Washington (Army News Service) — The world should know about the service and sacrifice of the six service members who paid the ultimate price during the Battle of Aranas, nearly seven years ago, America's newest Medal of Honor recipient said.
Former Sgt. Kyle J. White was inducted into the Pentagon's Hall of Heroes yesterday morning, a day after receiving the Medal of Honor for his actions Nov. 9, 2007, outside the village of Aranas, Afghanistan.
"It was the worst day of my life," he said.
The battle claimed the lives of five Soldiers and a Marine.
The service members killed were Marine Corps Sgt. Phillip A. Bocks, Capt. Matthew C. Ferrara, Spc. Joseph M. Lancour, Cpl. Sean K.A. Langevin, Sgt. Jeffery S. Mersman and Cpl. Lester G. Roque.
"They were warriors, they were the best of us," White told the Pentagon audience, which included his family and families of the fallen members, members who served with him, and leaders from the Army, Marine Corps and Department of Defense.
"These six men were 'Sky Soldiers' who gave their all to protect each other. They were a special few of America's young men who braved death and danger in search of something greater than themselves as part of the nation's military," White said.
The six were "just boys" when the attacks of Sept. 11, 2001, occurred, and were part of the 9/11 generation, he said.
"These boys, from places like Troy, Mich., and Walnut Creek, Calif., grew up quickly and volunteered to devote their lives to help prevent that nightmare from ever occurring on this soil again," he said.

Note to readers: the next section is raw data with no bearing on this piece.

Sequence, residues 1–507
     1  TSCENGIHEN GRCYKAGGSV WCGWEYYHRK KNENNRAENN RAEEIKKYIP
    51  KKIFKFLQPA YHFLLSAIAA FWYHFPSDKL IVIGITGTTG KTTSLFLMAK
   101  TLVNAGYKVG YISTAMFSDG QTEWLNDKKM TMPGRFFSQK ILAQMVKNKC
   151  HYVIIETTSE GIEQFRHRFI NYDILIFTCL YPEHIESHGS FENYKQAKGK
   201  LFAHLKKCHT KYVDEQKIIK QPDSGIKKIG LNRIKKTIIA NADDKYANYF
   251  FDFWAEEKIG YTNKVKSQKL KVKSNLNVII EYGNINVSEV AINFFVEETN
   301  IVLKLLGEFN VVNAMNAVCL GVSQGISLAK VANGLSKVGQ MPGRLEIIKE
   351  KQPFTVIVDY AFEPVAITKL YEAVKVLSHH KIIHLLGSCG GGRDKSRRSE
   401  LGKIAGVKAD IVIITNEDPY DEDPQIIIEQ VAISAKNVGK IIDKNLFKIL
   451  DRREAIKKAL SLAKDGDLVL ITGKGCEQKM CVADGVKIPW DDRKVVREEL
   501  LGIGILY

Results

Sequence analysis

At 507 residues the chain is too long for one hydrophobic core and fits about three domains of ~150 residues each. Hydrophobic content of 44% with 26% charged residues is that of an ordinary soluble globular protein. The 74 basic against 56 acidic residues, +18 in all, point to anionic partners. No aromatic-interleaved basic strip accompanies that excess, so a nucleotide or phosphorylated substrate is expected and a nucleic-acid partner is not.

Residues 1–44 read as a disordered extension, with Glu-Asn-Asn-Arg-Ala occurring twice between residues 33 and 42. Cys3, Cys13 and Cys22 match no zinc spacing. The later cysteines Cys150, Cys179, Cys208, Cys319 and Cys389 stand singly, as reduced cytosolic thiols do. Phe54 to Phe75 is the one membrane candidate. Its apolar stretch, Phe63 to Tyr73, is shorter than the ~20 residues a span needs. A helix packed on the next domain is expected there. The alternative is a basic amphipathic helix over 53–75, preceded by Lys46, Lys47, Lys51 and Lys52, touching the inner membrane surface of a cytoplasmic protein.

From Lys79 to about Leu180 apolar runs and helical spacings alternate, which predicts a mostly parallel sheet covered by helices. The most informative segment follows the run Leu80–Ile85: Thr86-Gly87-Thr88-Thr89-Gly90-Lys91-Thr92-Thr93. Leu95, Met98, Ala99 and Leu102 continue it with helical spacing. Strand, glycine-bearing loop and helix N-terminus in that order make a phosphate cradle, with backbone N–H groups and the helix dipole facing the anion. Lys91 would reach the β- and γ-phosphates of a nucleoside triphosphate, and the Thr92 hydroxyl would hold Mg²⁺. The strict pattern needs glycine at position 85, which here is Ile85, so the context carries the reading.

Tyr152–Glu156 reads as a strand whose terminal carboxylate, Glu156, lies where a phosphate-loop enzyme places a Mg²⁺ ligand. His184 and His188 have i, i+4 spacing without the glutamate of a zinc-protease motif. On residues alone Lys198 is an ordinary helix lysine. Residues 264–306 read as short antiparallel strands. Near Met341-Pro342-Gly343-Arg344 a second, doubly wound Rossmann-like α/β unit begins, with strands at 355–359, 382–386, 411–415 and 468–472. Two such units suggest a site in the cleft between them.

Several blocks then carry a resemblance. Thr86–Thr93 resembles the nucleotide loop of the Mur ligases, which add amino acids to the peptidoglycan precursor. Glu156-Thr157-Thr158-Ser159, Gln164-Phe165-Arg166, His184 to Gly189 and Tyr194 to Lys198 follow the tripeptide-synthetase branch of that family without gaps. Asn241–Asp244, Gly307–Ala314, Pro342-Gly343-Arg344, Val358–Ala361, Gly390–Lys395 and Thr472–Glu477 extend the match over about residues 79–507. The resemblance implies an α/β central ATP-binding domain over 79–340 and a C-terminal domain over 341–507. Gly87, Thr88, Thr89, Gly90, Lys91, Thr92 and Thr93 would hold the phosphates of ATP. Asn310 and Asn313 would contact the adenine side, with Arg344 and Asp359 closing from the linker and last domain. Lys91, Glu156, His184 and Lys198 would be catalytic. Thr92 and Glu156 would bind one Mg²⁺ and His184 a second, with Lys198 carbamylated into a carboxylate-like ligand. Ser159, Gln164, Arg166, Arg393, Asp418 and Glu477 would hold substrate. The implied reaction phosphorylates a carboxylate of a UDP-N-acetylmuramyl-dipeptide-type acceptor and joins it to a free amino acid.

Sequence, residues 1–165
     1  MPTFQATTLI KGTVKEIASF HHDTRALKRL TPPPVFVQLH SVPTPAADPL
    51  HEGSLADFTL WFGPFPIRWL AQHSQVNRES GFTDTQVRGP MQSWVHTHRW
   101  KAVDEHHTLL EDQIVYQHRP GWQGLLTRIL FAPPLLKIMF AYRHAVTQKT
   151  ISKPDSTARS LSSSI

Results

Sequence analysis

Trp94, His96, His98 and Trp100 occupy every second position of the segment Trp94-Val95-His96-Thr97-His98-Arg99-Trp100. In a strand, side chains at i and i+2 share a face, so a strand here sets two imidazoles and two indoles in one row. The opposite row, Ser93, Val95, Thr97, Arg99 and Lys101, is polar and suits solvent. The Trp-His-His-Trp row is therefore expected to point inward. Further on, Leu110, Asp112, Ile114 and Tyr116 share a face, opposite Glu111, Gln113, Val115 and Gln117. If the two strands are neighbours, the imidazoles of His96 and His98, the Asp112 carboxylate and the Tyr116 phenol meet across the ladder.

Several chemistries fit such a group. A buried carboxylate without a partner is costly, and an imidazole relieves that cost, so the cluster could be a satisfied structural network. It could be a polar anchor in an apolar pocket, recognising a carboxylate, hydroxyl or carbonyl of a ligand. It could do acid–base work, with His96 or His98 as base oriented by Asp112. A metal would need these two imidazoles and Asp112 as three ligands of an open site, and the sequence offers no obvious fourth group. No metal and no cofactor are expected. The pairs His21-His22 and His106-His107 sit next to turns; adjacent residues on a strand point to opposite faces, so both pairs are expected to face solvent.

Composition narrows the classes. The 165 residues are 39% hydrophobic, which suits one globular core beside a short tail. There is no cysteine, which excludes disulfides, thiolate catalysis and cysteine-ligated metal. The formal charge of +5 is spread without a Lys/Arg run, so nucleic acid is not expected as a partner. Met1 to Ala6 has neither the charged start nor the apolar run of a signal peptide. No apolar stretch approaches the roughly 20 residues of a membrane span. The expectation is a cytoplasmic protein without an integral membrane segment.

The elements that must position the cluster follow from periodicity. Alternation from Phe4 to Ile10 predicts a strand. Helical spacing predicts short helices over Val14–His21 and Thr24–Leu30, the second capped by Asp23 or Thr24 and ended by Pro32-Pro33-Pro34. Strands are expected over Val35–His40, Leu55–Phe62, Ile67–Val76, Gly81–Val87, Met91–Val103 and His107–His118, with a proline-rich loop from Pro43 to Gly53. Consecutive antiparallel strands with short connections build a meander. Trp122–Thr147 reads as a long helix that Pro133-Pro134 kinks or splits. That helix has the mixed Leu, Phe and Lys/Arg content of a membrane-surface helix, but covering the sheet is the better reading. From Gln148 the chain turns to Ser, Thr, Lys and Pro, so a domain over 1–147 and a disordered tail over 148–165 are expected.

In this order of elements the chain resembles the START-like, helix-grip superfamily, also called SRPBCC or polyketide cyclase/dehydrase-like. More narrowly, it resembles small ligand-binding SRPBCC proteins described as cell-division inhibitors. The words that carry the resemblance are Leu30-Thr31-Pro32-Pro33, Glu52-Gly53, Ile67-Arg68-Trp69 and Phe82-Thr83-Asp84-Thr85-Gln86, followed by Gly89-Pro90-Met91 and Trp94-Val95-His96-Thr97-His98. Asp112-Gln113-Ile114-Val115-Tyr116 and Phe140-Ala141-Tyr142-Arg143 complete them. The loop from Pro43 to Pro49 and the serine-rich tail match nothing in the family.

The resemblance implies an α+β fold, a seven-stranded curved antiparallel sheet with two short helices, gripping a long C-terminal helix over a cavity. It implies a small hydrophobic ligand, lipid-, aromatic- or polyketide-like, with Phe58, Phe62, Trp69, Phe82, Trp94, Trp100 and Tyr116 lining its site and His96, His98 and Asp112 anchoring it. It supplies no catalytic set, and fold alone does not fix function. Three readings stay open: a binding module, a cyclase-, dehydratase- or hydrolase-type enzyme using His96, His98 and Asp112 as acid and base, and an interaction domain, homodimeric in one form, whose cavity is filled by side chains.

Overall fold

They gave their lives for the nation on 9 November -- the ninth day of the 11th month -- a different 9/11, he said.
"In my eyes, those six men -- whose names I want everyone in the world to know -- they can never be any more perfect than they were that day on that goat trail on a mountainside in Afghanistan, fighting for their brothers," he said.
White, then a specialist, and other members of Chosen Company, 2nd Battalion (Airborne), 503rd Infantry Regiment, 173rd Airborne Brigade, headquartered at Combat Outpost Bella, were in the village of Aranas for a shura meeting with village elders. They were ambushed as they exited the village.
"Sometimes I can be right back there, smelling the gun powder and burning hot metal of enemy grenades, tasting the air after my radio was hit," White said. "I can close my eyes and feel the whiz of the bullets as they pierce my uniform, missing my skin, but annoying the hell out me."
He said he tried to get Bocks out of danger, and "can still see the puff of air jostle (Spc.) Kain Schilling's uniform pant leg before the pool of blood began to soak through it from the enemy round."
He said he still has nightmares about that day, but "fewer and fewer" of them as time passes.
"That day, those smells, those sights, changed my life," he said. He received a gift that day -- "a gift that six of my brothers did not get," White said.
"I get to go on. I get to be better than I was at the age of 20, just a knuckle-headed boy from Seattle who wanted to jump out of airplanes," he said.
The six men gave their lives and sacrificed so much so others could live, White said. The nation owes them so much gratitude, he said, since they chose to leave their future to chance to seek a greater calling in serving the nation.
"I hope beyond hope that I can one day be worthy of their sacrifice. These are my brothers and they are more than Soldiers for life, they are 'Sky Soldiers' for life," he said.
"Let us not forget that these are six of 2,221 service members who have died serving as part of Operation Enduring Freedom," White said.